For more information of confidential assistance
Call 800-306-3180

Invention from Auto Mechanic May Prevent Birth Injuries

Birth DefectsAn auto mechanic in Argentina has invented a device that could help to prevent fetal distress during the delivery process. The idea came to Jorge Oden in a dream, which became reality in just a few short years. The new device is now being tested in Argentina, with plans to manufacture and market the device in the United States on the way.

Idea for device came during sleep

According to a report at the New York Times, the 59-year-old mechanic said the idea came to him one night while he was sleeping. Seven years prior, Oden had seen a YouTube video demonstrating how to extract a cork from a wine bottle using a plastic bag. That night at dinner, he won a bet with a buddy as he put the concept into practice, removing the cork from a bottle using only a bread bag.

Later that night, Oden awoke to the thought that the same concept could be used to help women deliver babies during a difficult birth process. The next day, Oden met with a local obstetrician who encouraged him to refine his idea for the delivery room. After developing the idea in his own kitchen at home, Oden got the attention of the chief of obstetrics at a hospital in Buenos Aires.

The Buenos Aires physician had a connection with someone at the World Health Organization, Dr. Merialdi, who worked further with Oden to develop the device. Merialdi arranged for testing at the Des Moines University simulation lab in 2008. The laboratory uses true-to-life mannequins to resemble the actual birthing process as closely as possible. Representatives from WHO were on hand, carefully observing the first official testing of the “Oden device.”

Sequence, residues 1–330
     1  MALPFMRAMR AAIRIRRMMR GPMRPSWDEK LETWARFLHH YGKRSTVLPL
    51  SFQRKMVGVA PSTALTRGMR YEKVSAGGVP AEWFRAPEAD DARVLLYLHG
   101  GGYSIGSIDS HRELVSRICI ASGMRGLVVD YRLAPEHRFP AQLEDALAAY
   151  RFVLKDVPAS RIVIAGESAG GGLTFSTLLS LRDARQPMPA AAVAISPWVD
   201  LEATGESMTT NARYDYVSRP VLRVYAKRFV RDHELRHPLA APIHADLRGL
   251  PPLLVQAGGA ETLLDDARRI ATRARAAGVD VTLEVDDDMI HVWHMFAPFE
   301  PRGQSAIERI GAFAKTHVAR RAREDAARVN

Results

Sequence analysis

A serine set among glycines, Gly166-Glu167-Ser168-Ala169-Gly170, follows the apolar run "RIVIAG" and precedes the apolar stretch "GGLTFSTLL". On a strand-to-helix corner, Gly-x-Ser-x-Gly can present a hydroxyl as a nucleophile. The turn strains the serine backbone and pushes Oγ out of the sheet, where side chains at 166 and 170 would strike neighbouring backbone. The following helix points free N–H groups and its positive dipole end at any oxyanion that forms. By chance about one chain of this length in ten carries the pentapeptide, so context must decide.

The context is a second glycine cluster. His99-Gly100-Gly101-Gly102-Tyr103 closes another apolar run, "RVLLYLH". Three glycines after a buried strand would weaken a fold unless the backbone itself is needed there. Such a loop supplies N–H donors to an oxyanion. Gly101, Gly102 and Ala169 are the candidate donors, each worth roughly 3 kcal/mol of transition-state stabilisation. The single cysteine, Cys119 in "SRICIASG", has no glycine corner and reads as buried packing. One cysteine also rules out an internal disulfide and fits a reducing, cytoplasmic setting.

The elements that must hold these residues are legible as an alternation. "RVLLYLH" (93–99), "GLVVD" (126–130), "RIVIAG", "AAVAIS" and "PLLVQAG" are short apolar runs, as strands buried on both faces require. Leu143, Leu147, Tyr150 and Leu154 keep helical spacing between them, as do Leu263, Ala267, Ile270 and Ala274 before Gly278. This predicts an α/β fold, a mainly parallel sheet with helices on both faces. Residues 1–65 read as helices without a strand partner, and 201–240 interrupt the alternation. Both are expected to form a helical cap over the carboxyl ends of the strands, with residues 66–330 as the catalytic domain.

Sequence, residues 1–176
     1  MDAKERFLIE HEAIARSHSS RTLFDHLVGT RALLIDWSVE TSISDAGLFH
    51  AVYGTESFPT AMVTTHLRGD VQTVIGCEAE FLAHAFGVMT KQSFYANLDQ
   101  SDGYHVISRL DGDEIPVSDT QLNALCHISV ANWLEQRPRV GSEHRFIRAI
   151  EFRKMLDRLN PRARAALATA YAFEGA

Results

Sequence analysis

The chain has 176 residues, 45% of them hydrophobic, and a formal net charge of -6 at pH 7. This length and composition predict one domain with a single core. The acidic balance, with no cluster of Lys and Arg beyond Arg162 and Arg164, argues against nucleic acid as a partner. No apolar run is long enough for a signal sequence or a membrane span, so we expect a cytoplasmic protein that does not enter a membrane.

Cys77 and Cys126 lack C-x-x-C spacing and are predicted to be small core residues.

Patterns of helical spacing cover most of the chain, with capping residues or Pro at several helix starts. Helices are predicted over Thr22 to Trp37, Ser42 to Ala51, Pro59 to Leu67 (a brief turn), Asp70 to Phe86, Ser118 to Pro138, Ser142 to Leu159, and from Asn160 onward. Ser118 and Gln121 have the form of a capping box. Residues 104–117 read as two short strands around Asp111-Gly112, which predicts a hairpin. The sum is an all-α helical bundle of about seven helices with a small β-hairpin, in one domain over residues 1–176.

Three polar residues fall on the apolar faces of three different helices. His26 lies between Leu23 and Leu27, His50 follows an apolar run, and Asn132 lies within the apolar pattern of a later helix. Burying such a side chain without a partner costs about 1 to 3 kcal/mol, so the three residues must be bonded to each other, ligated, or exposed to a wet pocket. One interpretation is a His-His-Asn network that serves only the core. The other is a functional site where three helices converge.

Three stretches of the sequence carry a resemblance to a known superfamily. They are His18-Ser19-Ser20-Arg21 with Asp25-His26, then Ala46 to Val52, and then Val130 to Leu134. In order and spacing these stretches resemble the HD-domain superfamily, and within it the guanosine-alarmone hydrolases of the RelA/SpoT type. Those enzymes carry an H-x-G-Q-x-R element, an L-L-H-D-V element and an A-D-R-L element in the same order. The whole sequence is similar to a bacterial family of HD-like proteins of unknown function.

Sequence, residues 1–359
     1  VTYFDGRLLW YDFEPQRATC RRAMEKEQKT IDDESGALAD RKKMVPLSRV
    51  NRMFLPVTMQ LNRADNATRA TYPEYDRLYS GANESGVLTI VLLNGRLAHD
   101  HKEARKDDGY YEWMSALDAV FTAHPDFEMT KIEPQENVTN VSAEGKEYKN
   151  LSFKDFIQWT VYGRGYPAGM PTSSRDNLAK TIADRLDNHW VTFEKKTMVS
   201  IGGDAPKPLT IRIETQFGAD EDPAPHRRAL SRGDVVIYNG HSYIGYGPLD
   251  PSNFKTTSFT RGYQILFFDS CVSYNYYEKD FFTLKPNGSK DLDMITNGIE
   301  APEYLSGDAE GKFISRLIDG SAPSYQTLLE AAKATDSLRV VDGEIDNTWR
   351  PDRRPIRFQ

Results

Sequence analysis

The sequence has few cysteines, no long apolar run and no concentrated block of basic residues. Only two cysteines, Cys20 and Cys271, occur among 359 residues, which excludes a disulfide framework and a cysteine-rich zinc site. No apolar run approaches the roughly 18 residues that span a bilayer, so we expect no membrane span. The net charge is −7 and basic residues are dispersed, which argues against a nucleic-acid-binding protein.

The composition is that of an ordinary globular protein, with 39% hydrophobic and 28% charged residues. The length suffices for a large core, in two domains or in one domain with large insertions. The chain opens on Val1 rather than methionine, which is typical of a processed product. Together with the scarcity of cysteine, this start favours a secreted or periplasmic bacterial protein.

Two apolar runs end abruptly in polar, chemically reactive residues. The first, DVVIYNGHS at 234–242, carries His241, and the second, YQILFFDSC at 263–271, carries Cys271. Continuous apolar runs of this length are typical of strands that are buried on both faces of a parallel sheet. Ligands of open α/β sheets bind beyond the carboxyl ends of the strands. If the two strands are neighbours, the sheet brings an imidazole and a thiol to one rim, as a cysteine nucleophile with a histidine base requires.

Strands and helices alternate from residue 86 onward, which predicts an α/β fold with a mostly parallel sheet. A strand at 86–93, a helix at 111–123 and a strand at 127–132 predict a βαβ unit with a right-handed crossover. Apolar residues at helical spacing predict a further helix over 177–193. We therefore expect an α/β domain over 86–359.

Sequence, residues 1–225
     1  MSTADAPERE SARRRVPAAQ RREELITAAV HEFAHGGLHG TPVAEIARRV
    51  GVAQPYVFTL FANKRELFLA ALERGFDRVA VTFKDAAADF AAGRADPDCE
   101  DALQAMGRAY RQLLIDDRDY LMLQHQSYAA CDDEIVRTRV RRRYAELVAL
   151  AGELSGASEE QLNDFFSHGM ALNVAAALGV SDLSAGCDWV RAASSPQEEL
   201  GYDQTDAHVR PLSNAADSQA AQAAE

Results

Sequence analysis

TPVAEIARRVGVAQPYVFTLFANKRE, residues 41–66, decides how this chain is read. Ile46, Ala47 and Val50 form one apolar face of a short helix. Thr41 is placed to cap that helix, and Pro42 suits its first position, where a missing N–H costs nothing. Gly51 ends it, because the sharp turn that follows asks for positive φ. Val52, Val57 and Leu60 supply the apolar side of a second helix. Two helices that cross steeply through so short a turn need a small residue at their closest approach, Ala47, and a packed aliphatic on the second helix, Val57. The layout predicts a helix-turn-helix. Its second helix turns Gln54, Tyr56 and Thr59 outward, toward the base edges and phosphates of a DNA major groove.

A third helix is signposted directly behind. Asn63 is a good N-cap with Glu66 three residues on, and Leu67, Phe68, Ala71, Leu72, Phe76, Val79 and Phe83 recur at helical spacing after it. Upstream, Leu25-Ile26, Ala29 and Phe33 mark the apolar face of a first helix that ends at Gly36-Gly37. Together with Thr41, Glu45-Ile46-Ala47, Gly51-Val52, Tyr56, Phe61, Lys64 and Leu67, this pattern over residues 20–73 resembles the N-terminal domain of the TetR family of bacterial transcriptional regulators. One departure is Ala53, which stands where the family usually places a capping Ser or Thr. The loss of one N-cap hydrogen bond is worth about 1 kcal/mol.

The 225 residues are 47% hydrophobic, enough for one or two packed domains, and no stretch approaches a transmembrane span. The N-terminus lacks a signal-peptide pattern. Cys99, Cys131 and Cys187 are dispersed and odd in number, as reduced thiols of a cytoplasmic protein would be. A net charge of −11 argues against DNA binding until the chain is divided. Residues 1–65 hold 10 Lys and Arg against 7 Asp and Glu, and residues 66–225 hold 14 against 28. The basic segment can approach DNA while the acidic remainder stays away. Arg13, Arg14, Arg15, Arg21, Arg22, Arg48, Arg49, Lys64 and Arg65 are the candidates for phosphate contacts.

Device could have significant global implications

Oden’s invention could have serious implications worldwide, particularly in Third World countries where fetal distress and other birth injury complications are a common occurrence. Currently, the only options for hastening the delivery of babies in these areas are the use of forceps or vacuum extraction. Both devices carry a significant degree of risk to both the mother and child, including facial injuries, skull fractures and bleeding inside the skull.

In the U.S., where fetal distress often results in emergency C-section deliveries, this device could also help to lower the number of C-sections and their accompanying risks. The surgical means of delivery raises a woman’s risk for infection and extends the recovery after childbirth. The procedure also carries risk of injury to the newborn from the scalpel.

Device to be developed in United States

As the Oden device continues to be tested in Argentina, plans to manufacture the device in the United States are also underway. Beckton Dickinson and Company (BD), a medical technology company in New Jersey, has announced plans to partner with WHO to develop and launch the new birthing device. At this time, it is unsure when the device will officially launch on the U.S. market or how much BD will charge for their new product.

Fetal distress is a common cause of birth injuries and even stillbirth today. Devices like this, if it is proven to provide a safe, effective alternative for a vaginal birth, could reduce the number of babies injures during the labor and delivery process.